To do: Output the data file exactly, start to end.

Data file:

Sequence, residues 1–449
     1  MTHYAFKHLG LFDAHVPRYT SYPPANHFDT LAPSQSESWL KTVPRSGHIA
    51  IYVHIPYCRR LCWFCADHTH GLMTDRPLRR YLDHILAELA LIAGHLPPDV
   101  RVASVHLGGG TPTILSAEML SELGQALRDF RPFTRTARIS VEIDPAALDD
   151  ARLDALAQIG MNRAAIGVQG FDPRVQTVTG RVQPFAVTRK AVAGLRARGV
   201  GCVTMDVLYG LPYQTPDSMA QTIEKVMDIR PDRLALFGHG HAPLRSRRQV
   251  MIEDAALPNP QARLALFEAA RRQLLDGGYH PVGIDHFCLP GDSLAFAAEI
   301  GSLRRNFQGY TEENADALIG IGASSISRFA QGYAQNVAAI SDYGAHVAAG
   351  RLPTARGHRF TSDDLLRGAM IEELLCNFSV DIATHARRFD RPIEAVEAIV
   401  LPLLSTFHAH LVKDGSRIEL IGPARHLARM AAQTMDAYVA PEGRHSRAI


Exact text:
Sequence, residues 1–449
     1  MTHYAFKHLG LFDAHVPRYT SYPPANHFDT LAPSQSESWL KTVPRSGHIA
    51  IYVHIPYCRR LCWFCADHTH GLMTDRPLRR YLDHILAELA LIAGHLPPDV
   101  RVASVHLGGG TPTILSAEML SELGQALRDF RPFTRTARIS VEIDPAALDD
   151  ARLDALAQIG MNRAAIGVQG FDPRVQTVTG RVQPFAVTRK AVAGLRARGV
   201  GCVTMDVLYG LPYQTPDSMA QTIEKVMDIR PDRLALFGHG HAPLRSRRQV
   251  MIEDAALPNP QARLALFEAA RRQLLDGGYH PVGIDHFCLP GDSLAFAAEI
   301  GSLRRNFQGY TEENADALIG IGASSISRFA QGYAQNVAAI SDYGAHVAAG
   351  RLPTARGHRF TSDDLLRGAM IEELLCNFSV DIATHARRFD RPIEAVEAIV
   401  LPLLSTFHAH LVKDGSRIEL IGPARHLARM AAQTMDAYVA PEGRHSRAI